Google and Facebook Are Cracking Down on the Far Right - 2020-06-17
As far-right extremist groups infiltrate the ongoing Black Lives Matter protests that have exploded across the country, tech companies are taking steps to address the extremist groups and far-right publications fanning the flames. Google announced Tuesday that it had officially banned the far-right website Zero Hedge from its advertising platform, after comments on the website violated Google's policies on race. "We have strict publisher policies that govern the content ads can run on and explicitly prohibit derogatory content that promotes hatred, intolerance, violence or discrimination based on race from monetizing," a Google spokesperson told NBC News, which first reported the news. "When a page or site violates our policies, we take action."
Zero Hedge's Google ad ban came after the Center for Countering Digital Hate, a British nonprofit, listed the website as one of 10 far-right publications that Google should ban from its ad platform for spreading harmful misinformation. "The money these sites receive from Google allows them to publish more content that puts people in harm's way," a petition on the nonprofit's website argues. Though Google has specifically taken action against Zero Hedge over its comment section, the Center for Countering Digital Hate's "blacklist" highlights other instances of misinformation on the site, including claiming Black Lives Matter is a "practically a revolutionary operative of the CIA via Soros" and "a George Soros 'Astroturf' campaign for 'leftists and their agenda to reshape the fabric of American society.'" (Zero Hedge was also previously banned by Twitter in January after the website published an article claiming to identify a Chinese scientist involved in the coronavirus outbreak, but the social network recently reversed its decision.) A second publication on the Center for Countering Digital Hate's list, The Federalist, was also given a warning by Google over its racist comments section and was set to be demonetized as well. The publication responded by removing its comments section entirely, and Google later said in a statement that it had "worked with them to address issues on their site related to the comments section."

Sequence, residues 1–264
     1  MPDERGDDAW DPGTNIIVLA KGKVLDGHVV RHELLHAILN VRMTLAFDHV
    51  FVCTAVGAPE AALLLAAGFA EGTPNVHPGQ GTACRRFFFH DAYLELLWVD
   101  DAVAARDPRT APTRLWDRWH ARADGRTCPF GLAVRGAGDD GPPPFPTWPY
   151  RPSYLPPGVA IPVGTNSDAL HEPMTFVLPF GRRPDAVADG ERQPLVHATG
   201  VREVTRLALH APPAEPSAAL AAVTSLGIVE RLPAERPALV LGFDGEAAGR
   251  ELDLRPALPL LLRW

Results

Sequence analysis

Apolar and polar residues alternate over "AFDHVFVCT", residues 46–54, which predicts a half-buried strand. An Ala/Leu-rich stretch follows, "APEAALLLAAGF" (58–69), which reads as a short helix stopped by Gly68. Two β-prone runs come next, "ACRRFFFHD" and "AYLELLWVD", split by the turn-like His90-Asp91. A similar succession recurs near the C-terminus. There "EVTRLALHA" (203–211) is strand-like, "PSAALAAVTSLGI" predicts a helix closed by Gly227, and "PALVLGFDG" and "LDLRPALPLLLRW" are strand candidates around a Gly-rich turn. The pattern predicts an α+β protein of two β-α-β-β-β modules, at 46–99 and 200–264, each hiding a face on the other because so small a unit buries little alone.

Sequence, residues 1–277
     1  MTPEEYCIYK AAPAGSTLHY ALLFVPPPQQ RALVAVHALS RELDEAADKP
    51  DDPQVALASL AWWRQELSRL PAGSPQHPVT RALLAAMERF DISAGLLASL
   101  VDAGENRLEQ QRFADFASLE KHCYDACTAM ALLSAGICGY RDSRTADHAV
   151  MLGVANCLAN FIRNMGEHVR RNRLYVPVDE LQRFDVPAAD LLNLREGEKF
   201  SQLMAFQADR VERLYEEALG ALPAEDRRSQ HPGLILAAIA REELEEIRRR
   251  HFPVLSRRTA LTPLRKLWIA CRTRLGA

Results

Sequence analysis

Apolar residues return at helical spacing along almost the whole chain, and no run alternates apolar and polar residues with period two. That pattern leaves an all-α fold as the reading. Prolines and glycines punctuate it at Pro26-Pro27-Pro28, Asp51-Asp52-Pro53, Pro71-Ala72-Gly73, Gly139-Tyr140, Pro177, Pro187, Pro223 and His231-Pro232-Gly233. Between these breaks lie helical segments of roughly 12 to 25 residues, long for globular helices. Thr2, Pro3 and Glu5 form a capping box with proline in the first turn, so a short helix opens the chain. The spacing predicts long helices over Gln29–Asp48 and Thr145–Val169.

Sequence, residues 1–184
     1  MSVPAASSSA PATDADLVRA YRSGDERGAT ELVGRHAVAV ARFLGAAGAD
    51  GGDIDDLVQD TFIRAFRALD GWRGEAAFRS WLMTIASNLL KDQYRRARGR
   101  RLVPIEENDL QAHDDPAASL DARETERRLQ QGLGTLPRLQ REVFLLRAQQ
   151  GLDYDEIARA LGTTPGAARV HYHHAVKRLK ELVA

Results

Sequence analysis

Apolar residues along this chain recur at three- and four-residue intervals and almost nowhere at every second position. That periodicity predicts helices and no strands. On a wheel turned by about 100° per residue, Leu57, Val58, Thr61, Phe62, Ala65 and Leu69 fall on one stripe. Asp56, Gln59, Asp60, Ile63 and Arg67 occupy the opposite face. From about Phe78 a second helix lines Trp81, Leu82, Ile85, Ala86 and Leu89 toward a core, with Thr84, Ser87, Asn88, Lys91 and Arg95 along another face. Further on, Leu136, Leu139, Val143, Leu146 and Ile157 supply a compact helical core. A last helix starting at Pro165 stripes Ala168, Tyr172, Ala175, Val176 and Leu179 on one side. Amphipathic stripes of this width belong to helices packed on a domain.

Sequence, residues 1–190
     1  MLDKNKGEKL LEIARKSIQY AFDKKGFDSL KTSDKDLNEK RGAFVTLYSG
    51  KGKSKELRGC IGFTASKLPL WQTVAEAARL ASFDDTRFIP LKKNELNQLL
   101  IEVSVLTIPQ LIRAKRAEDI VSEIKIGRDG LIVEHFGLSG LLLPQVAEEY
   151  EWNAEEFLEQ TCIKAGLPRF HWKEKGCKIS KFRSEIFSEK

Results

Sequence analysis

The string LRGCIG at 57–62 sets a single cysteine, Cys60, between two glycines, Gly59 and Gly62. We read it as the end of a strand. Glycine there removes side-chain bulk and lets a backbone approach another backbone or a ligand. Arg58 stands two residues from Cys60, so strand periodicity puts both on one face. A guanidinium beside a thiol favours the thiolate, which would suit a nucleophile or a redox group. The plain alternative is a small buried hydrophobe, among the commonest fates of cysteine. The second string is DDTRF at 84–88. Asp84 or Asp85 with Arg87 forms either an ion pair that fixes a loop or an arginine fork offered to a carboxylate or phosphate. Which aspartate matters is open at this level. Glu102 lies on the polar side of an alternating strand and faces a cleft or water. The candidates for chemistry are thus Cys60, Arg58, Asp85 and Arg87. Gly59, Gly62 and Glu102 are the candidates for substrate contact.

Facebook also took action on Tuesday to combat far-right extremism, as ABC News reports that the company has taken down hundreds of accounts tied to the Proud Boys and American Guard, which have been identified as hate groups by the Southern Poverty Law Center. The social media network had originally initiated its effort to take down the groups on May 30, after seeing that organizers from both groups were planning to "send armed agitators" to racial justice protests. "In both cases, we saw accounts from both organizations discussing attending protests in various US states with plans to carry weapons but we did not find indications in their on-platform content they planned to actively commit violence," Facebook said Tuesday.